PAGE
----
Upper gastrointestinal bleeding can be manifest as:
- haematemesis - the vomiting of frank blood
- melaena - the passing of altered blood per rectum
Acute upper gastrointestinal bleeding is a common medical emergency that has a 10% hospital mortality rate. Despite changes in management, mortality has not significantly improved over the past 50 years.
- elderly patients and people with chronic medical diseases withstand acute upper gastrointestinal bleeding less well than younger, fitter patients, and have a higher risk of death
- almost all people who develop acute upper gastrointestinal bleeding are treated in hospital
- most common causes are peptic ulcer and oesophagogastric varices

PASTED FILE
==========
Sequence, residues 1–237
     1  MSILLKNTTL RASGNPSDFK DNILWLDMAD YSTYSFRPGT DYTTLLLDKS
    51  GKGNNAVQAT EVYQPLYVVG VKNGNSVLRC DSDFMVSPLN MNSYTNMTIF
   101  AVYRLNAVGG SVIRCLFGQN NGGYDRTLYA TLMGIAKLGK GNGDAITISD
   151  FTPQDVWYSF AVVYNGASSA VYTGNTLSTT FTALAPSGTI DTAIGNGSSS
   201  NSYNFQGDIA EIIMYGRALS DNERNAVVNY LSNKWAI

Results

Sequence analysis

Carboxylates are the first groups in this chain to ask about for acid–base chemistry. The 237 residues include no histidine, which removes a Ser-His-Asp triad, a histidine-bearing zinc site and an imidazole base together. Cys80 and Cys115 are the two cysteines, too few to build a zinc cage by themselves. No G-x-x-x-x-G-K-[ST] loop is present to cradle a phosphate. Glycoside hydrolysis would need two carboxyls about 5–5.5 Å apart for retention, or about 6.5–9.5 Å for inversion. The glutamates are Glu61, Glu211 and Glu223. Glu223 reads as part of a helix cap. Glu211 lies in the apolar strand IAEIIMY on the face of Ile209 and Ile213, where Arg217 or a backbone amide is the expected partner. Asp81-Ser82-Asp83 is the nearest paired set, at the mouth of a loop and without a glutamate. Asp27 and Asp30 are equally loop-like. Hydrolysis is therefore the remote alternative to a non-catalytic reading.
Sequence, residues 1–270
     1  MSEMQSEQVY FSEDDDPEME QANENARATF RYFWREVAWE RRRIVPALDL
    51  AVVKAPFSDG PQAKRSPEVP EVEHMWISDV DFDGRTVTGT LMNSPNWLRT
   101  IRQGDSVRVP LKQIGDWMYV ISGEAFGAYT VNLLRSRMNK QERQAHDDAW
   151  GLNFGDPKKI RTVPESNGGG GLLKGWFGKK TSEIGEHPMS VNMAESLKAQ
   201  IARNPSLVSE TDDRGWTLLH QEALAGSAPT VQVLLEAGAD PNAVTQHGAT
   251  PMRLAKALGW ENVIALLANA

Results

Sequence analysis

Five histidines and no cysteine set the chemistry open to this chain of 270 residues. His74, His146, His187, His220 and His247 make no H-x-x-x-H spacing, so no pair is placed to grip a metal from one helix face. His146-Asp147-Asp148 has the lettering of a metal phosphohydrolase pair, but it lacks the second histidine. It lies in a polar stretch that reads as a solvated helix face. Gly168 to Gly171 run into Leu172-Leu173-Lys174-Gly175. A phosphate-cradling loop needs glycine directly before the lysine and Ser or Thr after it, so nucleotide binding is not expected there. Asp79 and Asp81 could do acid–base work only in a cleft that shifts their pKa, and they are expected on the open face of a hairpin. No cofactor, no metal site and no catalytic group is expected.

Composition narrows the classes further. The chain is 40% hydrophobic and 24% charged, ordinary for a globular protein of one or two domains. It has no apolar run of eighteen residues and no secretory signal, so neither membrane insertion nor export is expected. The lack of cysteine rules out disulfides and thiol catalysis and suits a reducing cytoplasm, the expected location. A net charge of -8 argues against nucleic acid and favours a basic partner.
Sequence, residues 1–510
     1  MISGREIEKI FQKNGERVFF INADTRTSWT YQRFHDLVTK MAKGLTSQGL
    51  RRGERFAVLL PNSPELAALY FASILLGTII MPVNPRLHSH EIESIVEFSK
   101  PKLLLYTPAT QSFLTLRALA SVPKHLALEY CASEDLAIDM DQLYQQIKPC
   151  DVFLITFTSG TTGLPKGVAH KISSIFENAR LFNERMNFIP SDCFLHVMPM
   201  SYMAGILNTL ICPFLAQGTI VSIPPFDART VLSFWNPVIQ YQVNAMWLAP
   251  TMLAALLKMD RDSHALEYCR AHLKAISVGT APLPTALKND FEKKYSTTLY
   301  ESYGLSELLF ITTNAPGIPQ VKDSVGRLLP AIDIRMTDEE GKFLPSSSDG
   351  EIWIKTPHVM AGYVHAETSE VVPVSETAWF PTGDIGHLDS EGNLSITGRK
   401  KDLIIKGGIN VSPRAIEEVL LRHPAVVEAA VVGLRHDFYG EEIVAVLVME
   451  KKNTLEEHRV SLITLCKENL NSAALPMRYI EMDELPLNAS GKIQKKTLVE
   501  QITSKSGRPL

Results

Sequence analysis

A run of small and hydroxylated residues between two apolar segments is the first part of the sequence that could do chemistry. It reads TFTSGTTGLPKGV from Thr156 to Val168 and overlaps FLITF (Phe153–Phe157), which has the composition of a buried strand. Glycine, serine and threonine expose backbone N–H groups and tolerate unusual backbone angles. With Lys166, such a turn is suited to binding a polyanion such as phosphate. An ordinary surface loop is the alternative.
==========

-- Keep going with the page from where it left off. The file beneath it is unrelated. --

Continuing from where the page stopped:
- endoscopy is the primary diagnostic investigation in patients with acute upper gastrointestinal bleeding
Drugs may have a complementary role in reducing gastric acid secretion and portal vein pressure. Not every patient responds to endoscopic and drug treatments; emergency surgery and a range of radiological procedures may be needed to control bleeding.
- formal risk assessment scores should be used for all patients with acute upper gastrointestinal bleeding:
- the Blatchford score at first assessment,
- and the full Rockall score after endoscopy
- if a pre-endoscopy Blatchford score of 0 then consider early discharge
Timing of endoscopy
- offer endoscopy to unstable patients with severe acute upper gastrointestinal bleeding immediately after resuscitation
- offer endoscopy within 24 hours of admission to all other patients with upper gastrointestinal bleeding